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I need child support — what are the ways to establish paternity?

On Behalf of | Oct 6, 2014 | Child Support |

Many unmarried parents in Texas recognize the importance of ensuring a legal father-child relationship. When a parent is legally recognized as the father of a child, his parental rights and responsibilities will be guaranteed. In the event of a break in the relationship, the father will not have to endure time-consuming and costly litigation related to child custody, visitation and child support. Such issues can be resolved through mediation as in cases of married couples.

There are two ways of establishing paternity, and the method depends on the relationship between the child’s mother and probable father. In established relationships where both parents are part of the child’s life, a simple administrative process can provide legality to a father’s rights. However, when the child’s mother is unsure of the father’s identity or the alleged father doubts the validity of the mother’s claim, the issue may have to be resolved in court.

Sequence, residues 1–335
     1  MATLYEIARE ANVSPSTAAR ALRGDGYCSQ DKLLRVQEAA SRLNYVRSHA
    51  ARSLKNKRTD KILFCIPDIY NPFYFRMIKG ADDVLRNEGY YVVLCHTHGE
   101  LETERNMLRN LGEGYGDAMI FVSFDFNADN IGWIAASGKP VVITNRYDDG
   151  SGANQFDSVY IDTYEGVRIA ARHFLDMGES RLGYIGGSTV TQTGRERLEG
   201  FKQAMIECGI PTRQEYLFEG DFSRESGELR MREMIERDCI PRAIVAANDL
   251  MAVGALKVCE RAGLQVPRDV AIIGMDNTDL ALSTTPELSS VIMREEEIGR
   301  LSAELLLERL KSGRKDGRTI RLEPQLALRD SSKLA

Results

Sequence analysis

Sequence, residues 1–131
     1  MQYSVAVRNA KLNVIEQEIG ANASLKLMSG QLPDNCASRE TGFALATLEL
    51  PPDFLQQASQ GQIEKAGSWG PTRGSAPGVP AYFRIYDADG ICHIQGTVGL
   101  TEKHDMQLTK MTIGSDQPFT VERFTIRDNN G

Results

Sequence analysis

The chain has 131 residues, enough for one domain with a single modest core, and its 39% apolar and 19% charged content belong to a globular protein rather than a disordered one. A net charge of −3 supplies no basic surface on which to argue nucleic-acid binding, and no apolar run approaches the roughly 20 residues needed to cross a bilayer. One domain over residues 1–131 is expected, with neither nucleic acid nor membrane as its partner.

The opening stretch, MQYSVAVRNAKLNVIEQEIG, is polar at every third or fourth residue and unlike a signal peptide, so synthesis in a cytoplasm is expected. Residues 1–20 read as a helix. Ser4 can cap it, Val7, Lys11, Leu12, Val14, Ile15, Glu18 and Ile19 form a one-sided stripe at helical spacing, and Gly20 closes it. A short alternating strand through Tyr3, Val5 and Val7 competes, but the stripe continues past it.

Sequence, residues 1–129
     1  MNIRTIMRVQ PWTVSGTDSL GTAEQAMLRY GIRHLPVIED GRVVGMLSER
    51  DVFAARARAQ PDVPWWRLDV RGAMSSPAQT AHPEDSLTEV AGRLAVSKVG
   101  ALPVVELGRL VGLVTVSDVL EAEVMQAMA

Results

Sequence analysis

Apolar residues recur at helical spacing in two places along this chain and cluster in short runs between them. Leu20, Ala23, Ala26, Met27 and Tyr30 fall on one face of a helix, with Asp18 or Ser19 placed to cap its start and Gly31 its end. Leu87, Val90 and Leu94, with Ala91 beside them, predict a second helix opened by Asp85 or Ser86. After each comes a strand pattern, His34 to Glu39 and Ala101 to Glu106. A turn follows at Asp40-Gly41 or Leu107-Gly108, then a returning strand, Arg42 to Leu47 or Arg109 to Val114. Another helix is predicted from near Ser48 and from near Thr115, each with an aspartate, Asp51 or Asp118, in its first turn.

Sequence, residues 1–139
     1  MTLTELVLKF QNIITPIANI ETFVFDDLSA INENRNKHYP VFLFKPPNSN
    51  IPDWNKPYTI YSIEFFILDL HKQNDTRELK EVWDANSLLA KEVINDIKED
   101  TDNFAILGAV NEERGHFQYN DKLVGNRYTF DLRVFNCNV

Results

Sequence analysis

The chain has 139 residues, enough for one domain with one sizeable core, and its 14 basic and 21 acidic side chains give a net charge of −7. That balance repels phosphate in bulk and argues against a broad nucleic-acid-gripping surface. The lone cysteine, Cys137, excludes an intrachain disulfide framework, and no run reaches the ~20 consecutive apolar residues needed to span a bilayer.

In the first method, both parents have to sign an Acknowledgment of Paternity (AOP) that will be held at the offices of the Texas Vital Statistics Unit. Once this legal document is signed, the father’s paternal rights will be established — including all duties he will have as a parent. Even if it is impossible for a father to be present at the child’s birth, an AOP may be signed at a later stage.

A mother who is trying to get the father of her child to accept his responsibilities as a father — such as child support — may need the assistance and guidance of an experienced family law attorney. Similarly, a father who denies paternity and subsequent child support payments may need legal assistance to prove his case. Both these cases form part of the regular caseload of family law attorneys who recognize the importance of legal relationships between fathers and their children, but also understands the consequences of false paternity allegations. More information about paternity is available on our family law website.

Source:, “Paternity Establishment“, , Oct. 3, 2014